When Christoph Eschenbach and the National Symphony Orchestra convened for Thursday night’s concert, the guest of honor was absent.
Lang Lang, in the middle of his week-long residency with the orchestra, is playing a different Beethoven concerto with them every night — the Second on Thursday, the Third on Friday and the Fifth on Saturday. But due to atrocious traffic in downtown D.C. (ask me how I know), Lang Lang was unable to leave his hotel until after the concert was scheduled to start. The NSO therefore rejiggered its program so that Strauss’s “Till Eulenspiegels lustige Streiche” and Dvorak’s Seventh Symphony were played together as the first half, and Lang Lang’s Beethoven was in the second.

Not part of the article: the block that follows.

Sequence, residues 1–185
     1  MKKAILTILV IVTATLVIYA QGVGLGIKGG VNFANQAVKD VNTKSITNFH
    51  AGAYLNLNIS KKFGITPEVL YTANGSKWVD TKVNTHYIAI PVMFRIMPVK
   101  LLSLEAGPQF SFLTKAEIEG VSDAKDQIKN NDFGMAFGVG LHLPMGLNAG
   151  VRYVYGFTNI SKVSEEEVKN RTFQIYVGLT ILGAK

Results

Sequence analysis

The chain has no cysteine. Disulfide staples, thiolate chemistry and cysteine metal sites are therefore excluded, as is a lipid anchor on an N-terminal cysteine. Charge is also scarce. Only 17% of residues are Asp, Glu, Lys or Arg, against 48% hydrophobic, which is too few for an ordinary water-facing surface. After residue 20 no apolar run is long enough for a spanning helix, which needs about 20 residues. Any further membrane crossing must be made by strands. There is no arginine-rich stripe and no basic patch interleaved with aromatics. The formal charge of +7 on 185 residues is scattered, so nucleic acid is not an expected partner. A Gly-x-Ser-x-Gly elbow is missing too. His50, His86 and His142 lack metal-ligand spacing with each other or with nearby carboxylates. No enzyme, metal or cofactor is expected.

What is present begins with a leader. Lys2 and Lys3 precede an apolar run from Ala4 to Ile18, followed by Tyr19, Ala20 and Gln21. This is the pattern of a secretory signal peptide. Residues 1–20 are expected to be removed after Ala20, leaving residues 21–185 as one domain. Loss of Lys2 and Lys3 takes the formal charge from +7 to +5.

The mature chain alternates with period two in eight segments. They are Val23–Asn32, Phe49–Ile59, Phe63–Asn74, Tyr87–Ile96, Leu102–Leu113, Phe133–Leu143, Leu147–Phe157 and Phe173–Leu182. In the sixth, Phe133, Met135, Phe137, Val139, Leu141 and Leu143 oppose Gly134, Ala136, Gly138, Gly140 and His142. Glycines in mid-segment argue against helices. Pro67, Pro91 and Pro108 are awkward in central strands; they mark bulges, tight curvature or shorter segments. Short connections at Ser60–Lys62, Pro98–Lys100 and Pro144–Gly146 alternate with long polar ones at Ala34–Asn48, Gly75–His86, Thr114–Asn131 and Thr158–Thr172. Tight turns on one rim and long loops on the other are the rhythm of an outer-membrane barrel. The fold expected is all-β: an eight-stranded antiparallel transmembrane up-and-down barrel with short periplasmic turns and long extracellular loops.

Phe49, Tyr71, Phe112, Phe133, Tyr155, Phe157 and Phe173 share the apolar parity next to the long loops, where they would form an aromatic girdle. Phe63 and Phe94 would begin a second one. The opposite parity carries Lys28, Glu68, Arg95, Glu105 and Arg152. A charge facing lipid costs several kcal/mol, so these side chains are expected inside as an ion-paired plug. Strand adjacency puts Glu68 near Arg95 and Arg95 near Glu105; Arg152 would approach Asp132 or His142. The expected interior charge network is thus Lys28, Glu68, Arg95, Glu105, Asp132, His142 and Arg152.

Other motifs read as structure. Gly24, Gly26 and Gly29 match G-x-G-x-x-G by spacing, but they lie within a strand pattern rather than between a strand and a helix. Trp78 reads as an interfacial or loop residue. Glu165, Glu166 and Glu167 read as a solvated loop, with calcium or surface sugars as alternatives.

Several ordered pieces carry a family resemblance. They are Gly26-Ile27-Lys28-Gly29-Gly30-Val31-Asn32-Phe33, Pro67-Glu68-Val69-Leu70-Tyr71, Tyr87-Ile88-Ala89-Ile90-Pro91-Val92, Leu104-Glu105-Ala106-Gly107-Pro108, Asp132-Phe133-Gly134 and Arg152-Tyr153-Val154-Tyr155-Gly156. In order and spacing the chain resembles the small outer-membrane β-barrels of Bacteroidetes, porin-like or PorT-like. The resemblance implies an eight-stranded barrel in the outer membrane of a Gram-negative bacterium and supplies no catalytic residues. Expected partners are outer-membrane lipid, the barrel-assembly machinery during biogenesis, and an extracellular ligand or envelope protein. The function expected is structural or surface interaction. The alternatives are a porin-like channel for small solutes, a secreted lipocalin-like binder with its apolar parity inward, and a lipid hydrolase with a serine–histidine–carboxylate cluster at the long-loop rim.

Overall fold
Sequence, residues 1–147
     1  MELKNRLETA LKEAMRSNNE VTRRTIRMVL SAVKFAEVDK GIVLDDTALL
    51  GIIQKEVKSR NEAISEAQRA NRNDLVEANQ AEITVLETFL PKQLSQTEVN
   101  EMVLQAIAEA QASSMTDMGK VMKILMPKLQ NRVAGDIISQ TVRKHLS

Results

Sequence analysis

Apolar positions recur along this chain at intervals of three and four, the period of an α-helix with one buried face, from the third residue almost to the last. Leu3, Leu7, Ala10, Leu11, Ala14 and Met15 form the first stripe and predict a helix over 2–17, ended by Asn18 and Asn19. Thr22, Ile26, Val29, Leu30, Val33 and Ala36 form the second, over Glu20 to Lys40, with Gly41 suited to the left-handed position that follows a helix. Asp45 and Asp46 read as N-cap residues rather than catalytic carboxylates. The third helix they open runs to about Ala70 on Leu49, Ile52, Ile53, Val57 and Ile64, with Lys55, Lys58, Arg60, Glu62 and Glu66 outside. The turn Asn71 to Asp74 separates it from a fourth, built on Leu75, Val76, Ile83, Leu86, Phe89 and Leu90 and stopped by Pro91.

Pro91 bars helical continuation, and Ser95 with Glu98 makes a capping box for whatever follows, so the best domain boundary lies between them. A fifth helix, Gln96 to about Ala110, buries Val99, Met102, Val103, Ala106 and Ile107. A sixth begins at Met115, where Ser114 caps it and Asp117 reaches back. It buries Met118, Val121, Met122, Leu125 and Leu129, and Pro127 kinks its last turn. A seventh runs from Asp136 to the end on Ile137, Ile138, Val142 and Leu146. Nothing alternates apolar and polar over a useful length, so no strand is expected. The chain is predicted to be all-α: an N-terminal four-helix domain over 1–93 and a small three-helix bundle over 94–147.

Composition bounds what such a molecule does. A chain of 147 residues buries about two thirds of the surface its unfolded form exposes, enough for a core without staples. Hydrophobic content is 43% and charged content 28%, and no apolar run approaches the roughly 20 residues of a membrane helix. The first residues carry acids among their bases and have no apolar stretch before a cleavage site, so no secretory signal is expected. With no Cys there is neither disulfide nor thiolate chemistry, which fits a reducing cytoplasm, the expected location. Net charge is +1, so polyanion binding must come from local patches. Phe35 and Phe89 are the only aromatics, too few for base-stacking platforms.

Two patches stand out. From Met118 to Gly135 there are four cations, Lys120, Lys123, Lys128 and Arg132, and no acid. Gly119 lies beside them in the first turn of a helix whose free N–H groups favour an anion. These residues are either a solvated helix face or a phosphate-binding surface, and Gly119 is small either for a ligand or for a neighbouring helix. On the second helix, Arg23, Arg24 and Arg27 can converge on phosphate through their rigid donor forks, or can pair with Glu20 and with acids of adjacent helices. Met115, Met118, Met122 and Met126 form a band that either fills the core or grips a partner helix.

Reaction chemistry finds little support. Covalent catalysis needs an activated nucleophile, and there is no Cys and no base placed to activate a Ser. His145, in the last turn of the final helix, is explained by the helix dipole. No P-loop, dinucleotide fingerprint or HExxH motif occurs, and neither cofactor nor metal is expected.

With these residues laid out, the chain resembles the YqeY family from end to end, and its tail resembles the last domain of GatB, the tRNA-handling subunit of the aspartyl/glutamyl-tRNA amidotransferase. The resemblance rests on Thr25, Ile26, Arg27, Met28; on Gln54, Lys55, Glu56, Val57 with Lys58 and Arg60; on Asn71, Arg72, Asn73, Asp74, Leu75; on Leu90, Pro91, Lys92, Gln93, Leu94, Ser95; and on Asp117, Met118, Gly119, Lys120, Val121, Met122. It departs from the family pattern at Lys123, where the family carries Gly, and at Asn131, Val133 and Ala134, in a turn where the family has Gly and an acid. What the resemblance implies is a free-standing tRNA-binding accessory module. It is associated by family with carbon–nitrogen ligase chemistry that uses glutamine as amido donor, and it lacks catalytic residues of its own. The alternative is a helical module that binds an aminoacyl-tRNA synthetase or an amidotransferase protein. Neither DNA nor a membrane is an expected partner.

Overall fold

It was kind of refreshing to vary the standard concert formula by having the orchestra course served first. And Eschenbach’s Strauss and Dvorak had very similar flavors. “Till Eulenspiegels” began a bit muddily — with the solo horn sounding slightly tentative — but soon found its way into a vivid account of the story’s various episodes, culminating in floor-shaking, dark, ominous chords at the gallows scene (Till, a peasant folk hero, is hanged) that transcended the Gothic aspects of the story.